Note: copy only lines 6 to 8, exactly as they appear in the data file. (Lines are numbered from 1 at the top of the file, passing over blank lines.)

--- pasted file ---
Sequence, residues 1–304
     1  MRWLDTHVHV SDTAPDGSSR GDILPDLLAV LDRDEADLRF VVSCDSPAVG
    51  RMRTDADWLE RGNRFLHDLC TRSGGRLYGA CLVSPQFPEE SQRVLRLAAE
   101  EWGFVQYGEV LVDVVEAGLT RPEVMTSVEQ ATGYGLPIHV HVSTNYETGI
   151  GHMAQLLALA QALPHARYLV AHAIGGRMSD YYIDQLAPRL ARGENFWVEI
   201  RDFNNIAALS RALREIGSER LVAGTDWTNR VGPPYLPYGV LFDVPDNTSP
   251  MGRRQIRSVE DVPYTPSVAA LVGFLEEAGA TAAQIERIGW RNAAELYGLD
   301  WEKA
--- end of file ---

   201  RDFNNIAALS RALREIGSER LVAGTDWTNR VGPPYLPYGV LFDVPDNTSP
   251  MGRRQIRSVE DVPYTPSVAA LVGFLEEAGA TAAQIERIGW RNAAELYGLD
   301  WEKA